Valeriy Khoroshkovsky is an interesting fellow, and he has been in the news lately. We have discussed him before and noted at the time that Khoroshkovsky’s future appears bright, though with Ukraine’s political future in flux, anything can happen. Certainly, the parliamentary elections this fall will tell us a great deal about the course of Ukraine’s government … but given the political volatility in Kyiv, it’s not clear that they will tell us more than what to expect until the next elections.
Khoroshkovsky has a piece in Roll Call (link requires registration, but there’s a free trial) aimed at an American audience on the occasion of his visit to Washington, D.C., at the head of Ukraine’s delegation to the Ukrainian-American Commission on Trade and Investment. This event comes on the heels of Kyiv’s efforts to crack down on software piracy, and its successes have opened up trade talks again. (Software piracy is an issue that has been a stumbling block to trade discussions in the past, and from personal experience, has made running a software firm in the country unfairly hard on the incredibly talented young programmers you find thick on the ground in Ukraine.)
Khoroshkovsky’s piece is worth reading in its whole, but a few excerpts should suffice to give the tenor.
Ukraine has since made a determined choice to link its future with the West. We are committed to EU integration, a key priority for our country, and we recently initialed a long-awaited Association Agreement with the EU, including the first-of-its-kind deep and comprehensive free trade area. During the past few months, we have settled a long list of issues, which remained outstanding in our relations with the EU for ages.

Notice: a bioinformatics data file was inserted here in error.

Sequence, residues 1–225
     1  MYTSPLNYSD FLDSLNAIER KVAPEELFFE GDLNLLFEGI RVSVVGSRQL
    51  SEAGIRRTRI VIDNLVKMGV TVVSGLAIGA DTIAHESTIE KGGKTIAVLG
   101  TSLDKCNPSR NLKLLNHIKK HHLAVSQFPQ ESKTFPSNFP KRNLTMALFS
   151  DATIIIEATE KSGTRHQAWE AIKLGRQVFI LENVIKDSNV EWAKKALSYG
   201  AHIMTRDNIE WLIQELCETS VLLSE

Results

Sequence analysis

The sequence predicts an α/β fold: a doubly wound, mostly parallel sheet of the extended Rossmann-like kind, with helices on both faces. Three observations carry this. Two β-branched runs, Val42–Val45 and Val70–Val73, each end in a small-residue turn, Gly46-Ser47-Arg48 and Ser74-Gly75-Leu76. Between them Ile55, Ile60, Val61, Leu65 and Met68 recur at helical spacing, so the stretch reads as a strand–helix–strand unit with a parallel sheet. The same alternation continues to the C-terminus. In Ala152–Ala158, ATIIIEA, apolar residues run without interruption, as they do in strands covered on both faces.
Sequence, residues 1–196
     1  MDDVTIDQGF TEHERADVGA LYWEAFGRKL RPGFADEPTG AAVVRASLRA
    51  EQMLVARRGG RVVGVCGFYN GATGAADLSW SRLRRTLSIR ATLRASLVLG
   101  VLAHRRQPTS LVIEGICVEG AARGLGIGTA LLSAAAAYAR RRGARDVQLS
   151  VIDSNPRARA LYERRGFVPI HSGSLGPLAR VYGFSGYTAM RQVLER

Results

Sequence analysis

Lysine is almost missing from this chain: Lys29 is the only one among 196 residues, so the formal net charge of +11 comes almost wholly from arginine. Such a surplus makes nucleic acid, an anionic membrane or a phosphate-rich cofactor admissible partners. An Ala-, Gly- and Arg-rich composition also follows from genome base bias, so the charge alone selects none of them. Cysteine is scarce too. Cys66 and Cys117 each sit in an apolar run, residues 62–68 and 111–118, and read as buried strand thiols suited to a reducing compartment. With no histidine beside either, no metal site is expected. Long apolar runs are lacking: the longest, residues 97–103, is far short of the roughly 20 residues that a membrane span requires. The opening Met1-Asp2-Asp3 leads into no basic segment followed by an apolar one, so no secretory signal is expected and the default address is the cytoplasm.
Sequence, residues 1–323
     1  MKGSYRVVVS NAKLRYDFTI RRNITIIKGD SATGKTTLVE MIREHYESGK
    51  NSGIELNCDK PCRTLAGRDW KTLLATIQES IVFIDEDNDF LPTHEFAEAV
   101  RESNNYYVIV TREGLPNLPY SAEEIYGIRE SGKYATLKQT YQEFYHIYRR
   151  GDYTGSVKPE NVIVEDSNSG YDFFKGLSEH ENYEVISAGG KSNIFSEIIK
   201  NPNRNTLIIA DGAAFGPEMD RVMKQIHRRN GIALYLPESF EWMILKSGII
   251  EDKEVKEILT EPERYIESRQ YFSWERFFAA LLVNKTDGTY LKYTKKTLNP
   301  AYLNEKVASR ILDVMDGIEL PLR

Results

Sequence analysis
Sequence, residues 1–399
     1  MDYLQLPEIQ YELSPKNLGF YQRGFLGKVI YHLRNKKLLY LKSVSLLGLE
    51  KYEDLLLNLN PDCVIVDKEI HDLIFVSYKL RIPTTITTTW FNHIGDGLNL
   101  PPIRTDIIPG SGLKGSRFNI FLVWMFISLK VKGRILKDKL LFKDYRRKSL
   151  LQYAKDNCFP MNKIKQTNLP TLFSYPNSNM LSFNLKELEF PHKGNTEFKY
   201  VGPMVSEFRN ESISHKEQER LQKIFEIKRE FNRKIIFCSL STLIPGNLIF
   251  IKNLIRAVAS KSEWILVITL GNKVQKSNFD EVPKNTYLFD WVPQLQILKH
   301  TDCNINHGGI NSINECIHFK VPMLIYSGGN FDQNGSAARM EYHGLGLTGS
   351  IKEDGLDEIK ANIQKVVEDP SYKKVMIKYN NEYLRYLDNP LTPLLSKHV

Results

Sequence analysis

We have also made it clear that Ukraine is seeking close cooperation with NATO, including the holding of joint military exercises.
At the same time, we are seeking friendlier ties with Russia, which is a key strategic partner. Ukraine would wish the whole of Europe to be without dividing lines. Russia must be a part of the whole European area of free movement of people, goods, services and capital. We must aim for this goal whatever the difficulties we face now. Ukraine perceives its European integration not only as a national choice, but also as a mission to unite Europe, to remove lingering divisions from Cold War times.
What we are doing, in effect, is carving out an independent niche for Ukraine, as a dynamic bridge between the West and the East.
It is in the West’s interest that Ukraine is politically and economically supported in this effort, further strengthening our reform process. Ukraine has made real progress, and for that, we owe a debt to the West. But we need your continued support to help us over the finish line.
What Ukraine is looking for today is a relationship with the United States that is based on mutual respect and shared interests, both strategic and economic. After all, America is only the 14th largest market for Ukrainian goods, far below the real potential in our trade ties. We can do much better.
Ukraine wants U.S. companies to enjoy its business-friendly environment. We are simplifying the regulatory environment, making substantial cuts in the number of bureaucratic procedures and creating a more transparent and enforceable legal environment.
Khoroshkovsky is obviously pushing hard on the themes that Viktor Yanukovych’s Government has advanced — European integration, co-equal bargaining with Russia, increased trade and economic freedom, and political reform — but Yanukovych has clearly made these themes the make-or-break propositions of his administration.
Somewhat oddly, Khoroshkovsky is silent on Yulia Tymoshenko; while Tymoshenko’s trial (and likely further charges) and imprisonment are not as important to American readers as they would be to Europeans, Khoroshkovsky has emerged as Ukraine’s spokesman on all thing Tymoshenko, and has usually been very eloquent and in command of the relevant facts.
Nevertheless, the column is worth reading, and certainly worth burning a trial membership to Roll Call to see.
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